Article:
NASA Creates and Tests 3D-Printed Rocket Injectors for Improved Engine Performance

Image Credit: NASA photo / David Olive

Complex 3D-printed rocket engine components have been successfully tested by NASA at its Marshall Space Flight Center located in Huntsville, Alabama.

Using 3D printing, an additive manufacturing technique, NASA engineers have designed highly intricate and complex rocket engine injector components. NASA engineers designed each component and fed the resulting data into the 3D printer’s computer. The printer then created each part by building the design up with layers of metal powder, before fusing them together using a laser in a process known as selective laser melting.

The rocket engine injector was printed with 40 individual spray elements manufactured as a single component. The injector was similar in its design to the injectors used in large engines such as the RS-25 engine, which will be used in the Space Launch System (NASA's heavy-lift, exploration class rocket which is being developed for future manned explorations of Mars).

Using conventional manufacturing techniques, 163 individual components would have to be produced and assembled, compared to the use of 3D printing technology which only requires two parts to be built. This enabled the engineers to rapidly and economically construct highly reliable components which improve the performance of the rocket engine.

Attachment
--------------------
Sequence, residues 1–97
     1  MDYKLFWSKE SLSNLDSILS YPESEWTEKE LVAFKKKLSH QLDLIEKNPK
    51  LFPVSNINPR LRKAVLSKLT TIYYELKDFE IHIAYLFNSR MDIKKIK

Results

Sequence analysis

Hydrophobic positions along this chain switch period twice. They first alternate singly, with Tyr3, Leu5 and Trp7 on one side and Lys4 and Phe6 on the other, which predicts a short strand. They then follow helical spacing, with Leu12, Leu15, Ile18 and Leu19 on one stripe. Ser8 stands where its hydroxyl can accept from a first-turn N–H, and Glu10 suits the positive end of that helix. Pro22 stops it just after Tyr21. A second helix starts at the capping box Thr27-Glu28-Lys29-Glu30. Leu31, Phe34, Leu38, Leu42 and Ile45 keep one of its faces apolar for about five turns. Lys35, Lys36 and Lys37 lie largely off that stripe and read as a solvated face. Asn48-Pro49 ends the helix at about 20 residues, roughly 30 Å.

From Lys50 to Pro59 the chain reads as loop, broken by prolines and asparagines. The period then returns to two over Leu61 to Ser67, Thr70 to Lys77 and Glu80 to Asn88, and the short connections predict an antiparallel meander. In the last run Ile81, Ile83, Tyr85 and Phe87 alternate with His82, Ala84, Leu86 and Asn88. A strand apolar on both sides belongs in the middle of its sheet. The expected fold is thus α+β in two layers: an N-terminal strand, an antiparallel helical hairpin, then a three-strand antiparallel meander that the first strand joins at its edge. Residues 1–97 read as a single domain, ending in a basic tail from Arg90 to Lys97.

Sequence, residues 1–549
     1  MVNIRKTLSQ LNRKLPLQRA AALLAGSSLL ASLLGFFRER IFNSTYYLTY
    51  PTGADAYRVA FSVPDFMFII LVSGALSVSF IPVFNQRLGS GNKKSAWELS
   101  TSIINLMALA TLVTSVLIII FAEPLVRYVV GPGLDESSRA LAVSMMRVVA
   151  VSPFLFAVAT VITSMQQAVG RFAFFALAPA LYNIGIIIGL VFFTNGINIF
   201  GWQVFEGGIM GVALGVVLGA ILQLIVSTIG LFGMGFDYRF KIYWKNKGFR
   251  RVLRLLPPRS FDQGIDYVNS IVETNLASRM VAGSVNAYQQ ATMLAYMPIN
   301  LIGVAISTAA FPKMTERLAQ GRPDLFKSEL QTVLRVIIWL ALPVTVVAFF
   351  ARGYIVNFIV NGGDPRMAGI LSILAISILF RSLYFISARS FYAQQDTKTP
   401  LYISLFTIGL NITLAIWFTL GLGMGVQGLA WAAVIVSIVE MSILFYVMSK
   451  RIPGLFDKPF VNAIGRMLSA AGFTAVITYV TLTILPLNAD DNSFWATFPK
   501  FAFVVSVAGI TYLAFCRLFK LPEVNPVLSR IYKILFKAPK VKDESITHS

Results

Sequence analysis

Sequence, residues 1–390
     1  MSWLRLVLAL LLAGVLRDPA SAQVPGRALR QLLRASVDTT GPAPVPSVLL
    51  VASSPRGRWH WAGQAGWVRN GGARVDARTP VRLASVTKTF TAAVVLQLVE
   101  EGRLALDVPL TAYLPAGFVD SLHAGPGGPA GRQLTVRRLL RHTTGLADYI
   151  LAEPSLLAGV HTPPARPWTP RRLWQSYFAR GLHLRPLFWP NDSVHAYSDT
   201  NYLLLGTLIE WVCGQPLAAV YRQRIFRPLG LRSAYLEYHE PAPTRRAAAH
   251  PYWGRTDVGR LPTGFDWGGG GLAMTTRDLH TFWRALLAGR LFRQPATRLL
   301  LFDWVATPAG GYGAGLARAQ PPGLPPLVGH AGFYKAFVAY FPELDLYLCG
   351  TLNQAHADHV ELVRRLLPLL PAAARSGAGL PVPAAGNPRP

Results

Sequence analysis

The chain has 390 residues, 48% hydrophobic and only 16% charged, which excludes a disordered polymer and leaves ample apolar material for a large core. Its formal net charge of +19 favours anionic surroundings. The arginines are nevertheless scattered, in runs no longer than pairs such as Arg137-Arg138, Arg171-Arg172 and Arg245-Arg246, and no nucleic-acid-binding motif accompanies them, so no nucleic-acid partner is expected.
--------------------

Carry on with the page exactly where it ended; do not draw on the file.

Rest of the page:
3-D Printed Rocket Injector Roars to Life

NASA tested two rocket injectors for five seconds each, generating a thrust of 20,000 pounds. Intricate geometric flow patterns were created to allow hydrogen and oxygen to combine prior to combustion at a pressure of 1400psi and a temperature of 6000˚F.

Increasingly complex rocket engine components such as nozzles and injectors have been tested by NASA engineers at the Marshall Space Flight Center, who are aiming to minimise the complexity involved in production of engine parts, as well as the time and cost of fabricating and assembling future engines.

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Alexander Chilton

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Alexander Chilton

Alexander has a BSc in Physics from the University of Sheffield. After graduating, he spent two years working in Sheffield for a large UK-based law firm, before relocating back to the North West and joining the editorial team at AZoNetwork. Alexander is particularly interested in the history and philosophy of science, as well as science communication. Outside of work, Alexander can often be found at gigs, record shopping or watching Crewe Alexandra trying to avoid relegation to League Two.

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